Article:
Oops time to go. The barber shop is opening. A pleasant young bubbly gal with a big beckoning smile is standing in front of an empty chair, obviously mine. I tell her I used to think that when I was a teen-ager a Mohawk hair style looked like x&?#. I wouldn’t be caught dead with one. She replies, as she looks at what mother nature has wrought, a balding top with a natural cluster of hair down the center, “My or my, I usually have to do a lot of work to give my young customers the latest fashion look, a “Mohawk.” You’ve got it naturally. I’ve accepted it.
“How long have you been cutting hair,” I ask.
“Oh, about twelve years,” she replies. “I can’t imagine doing anything else. I love helping people look good and I am good at it. “ She looks to be in her late 20’s.
I respond with Jack Nicholson’s famous line, “That’s as good as it gets,” thinking she is either wise beyond her years, has good karma, or is extremely lucky-maybe all three.
“If you have energy to do something, that seems to be all that matters,” I say.
“Exactly,” she replies.
I get up with my stylish Mohawk, and leave a substantial tip. I’ve gotten a good haircut, and received a pleasant emotional boost from one of those special souls masquerading as an ordinary person.
Driving back to my mother’s apartment I tune to public radio. The dialogue is with Jaron Lanier, known as the father of virtual reality. There is a pure innocent state in the dialogue. He urges that people maintain their individuality and not simply conform to the herd instinct. He maintains that many younger people are so concerned that their Face book image be accepted that who and what they really are is hidden. He posits that technology as it moves towards this idea of singularity, may inhibit or subjugate the uniqueness that is you we are creating-an interesting debate. I hastily write down his latest book, “You are not a gadget” and immediately go to Wikipedia and Amazon to read more about him. He is Unique. His comments have jolted me. I decide this morning that perhaps I am being a bit more of a conformist than I want to be, blogging more about the safer side of my own personal explorations. I think of Jaron’s interview as a synchronistic wake up call.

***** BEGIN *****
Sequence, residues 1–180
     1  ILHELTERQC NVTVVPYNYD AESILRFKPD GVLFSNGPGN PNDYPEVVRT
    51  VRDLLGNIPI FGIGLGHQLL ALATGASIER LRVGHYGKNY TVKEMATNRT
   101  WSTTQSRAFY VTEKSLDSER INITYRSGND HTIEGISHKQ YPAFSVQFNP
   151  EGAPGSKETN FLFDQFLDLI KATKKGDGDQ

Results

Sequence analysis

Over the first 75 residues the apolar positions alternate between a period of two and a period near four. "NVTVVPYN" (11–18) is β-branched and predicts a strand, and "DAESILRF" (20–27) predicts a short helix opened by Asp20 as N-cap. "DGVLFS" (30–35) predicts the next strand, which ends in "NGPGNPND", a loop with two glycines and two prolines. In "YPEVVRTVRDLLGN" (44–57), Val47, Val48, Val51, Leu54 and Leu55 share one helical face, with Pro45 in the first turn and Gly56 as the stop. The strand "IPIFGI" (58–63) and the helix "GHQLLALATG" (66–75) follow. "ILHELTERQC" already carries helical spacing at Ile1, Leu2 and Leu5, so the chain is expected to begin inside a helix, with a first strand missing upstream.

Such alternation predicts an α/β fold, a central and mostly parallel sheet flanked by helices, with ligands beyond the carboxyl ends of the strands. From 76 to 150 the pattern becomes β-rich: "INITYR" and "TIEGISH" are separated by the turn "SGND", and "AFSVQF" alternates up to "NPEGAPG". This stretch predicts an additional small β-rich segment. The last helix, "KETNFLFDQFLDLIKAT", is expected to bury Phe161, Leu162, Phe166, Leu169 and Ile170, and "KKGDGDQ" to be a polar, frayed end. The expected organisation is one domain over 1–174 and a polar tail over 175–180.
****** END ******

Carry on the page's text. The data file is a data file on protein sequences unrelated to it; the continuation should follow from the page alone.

So, this is what my last two days have been like, on the one hand the vanilla world of mundane activities and on the other hand a richer observation of my interior world when seen through a different lens. Think about your last few days. Can you see the people and events from a different perspective?